Chamber professionals are called upon to wear a lot of hats. Some of those job duties are a lot of fun. After all, who can resist wielding a giant pair of scissors, for instance?
But other times our role as community leaders can be heartbreaking, especially when we’re called upon to help recover from a tragedy that affects our community.
Some chamber professionals will need to rebuild after a devastating dose of Mother Nature, while others may have to work to rebuild a community that’s been hit by something more sinister. Sometimes it’s helping a member business with a company tragedy.
Whatever the cause many people look to the chamber during these trying times.
The chamber is, after all, the voice of business and when businesses or morale needs to be rebuilt the chamber is in a unique position to help with the coordination of resources.
On this blog, we’ve covered a lot of advice on how to get through a natural disaster or help a community in mourning but in each of these cases, there are stages. The chamber can help in different ways as time goes by. For instance, what do you do after the initial coverage is gone? After the interest and help outside of your community has ceased? Where do you look to begin healing and helping outside of the obvious financial needs?
This article provides some ideas on how you can help at each step or stage.
Stages of Recovery from Tragedy
If a tragedy has befallen your community, they’re likely four stages you will go through in recovery. Each has its own set of challenges.
Stage One: During the Tragedy
This first stage is when you’re knee-deep in the thick of it. Whatever calamity has befallen your community is currently going on in stage 1. The help you provide will have a lot to do with what kind of tragedy it is whether a natural disaster, a PR nightmare for a local member such as a manufacturing plant fire, or an active shooter situation.
Stage one is all about communication and resources.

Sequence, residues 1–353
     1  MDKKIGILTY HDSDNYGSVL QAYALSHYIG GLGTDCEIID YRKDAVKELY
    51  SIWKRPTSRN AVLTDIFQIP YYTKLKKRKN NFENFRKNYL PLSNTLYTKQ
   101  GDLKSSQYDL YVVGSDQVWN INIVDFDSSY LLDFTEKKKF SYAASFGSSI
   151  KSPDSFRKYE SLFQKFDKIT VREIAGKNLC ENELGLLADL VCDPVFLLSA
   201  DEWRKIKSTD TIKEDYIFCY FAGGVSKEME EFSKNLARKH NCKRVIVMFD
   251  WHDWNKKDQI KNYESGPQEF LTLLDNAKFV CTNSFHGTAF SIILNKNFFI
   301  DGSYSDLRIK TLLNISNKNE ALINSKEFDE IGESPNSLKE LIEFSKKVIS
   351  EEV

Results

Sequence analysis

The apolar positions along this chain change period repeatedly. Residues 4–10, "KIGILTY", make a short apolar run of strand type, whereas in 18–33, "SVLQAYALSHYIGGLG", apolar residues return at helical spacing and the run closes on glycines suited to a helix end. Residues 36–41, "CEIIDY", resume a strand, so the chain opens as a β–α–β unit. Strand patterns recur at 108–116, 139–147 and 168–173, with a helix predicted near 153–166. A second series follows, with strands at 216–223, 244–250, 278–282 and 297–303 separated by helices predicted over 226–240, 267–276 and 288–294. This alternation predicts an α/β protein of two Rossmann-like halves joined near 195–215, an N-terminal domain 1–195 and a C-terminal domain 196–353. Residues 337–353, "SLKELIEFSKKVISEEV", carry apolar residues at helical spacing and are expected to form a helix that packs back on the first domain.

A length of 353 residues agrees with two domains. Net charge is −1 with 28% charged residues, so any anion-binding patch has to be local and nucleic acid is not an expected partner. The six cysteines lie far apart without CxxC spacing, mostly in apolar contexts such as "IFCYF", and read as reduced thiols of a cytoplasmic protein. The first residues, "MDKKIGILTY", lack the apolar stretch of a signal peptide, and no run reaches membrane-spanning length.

At this level, the area where you can be of the most help is sorting through the vast amount of misinformation that is occurring and making sure that you update all of your communication channels to reflect the most up-to-date and accurate information out there.
This is not a time for rumor or innuendo, even if many people want to go down that road. Instead, provide accurate information and, if possible, immediate resources that people can seek.
For instance, if it’s a hurricane situation posting up-to-date information on shelter vacancies including specific needs like those with medical assistance or shelters allowing pets can be invaluable to your community.
This is not the time to start thinking ahead about what will happen in clean up over the next few days. This stage is all about triage. From a chamber perspective, that means managing and sourcing accurate information.
If you do this, commit to it.
What is it that local newscasters always say? Usually, with ongoing issues, they say something along the lines of “We will be broadcasting live until the storm passes” or “We will be broadcasting live until there’s a resolution.” This instills confidence and helps people feel like they’re not alone. They have a source of information until their immediate needs for this are over.
Let people know what you’re doing for them.
If you’re going to post updates to social media commit to a time frame in doing so such as, “We will post updates every hour on our Facebook Instagram pages” or use a specified hashtag to keep people in the loop.
Stage 2: Immediately After
In Stage 2, the immediate threat is over. While you will still be sorting through the details behind what happened or how many people have been affected, the initial incident is over.
Again, accurate information is essential to recovery.
If you can’t verify the information, don’t share it. If you find out something was not as you described it, make everyone is aware of that as soon as you know. You can be an incredible resource for the community but only if you’re giving accurate information. Nobody needs conjecture at this time.
The next thing you want to coordinate is resources for people who need help. This could be working with FEMA in the situation of a natural disaster or it could be helping people understand what resources there are for their own mental health.
Also, you can serve as a resource for people from other communities who are trying to locate loved ones or understand what happened. While you won’t have the manpower or the phone lines to talk to every out-of-town friend and family member, you can keep your website and social media profiles updated with accurate information and, if appropriate, inspiring images.
Have you seen the meme that is attributed to Mister Rogers? It reads something along the lines of in the middle of tragedy you should always look for the helpers. Your chamber can be one of those helpers and you should highlight others who are doing the same.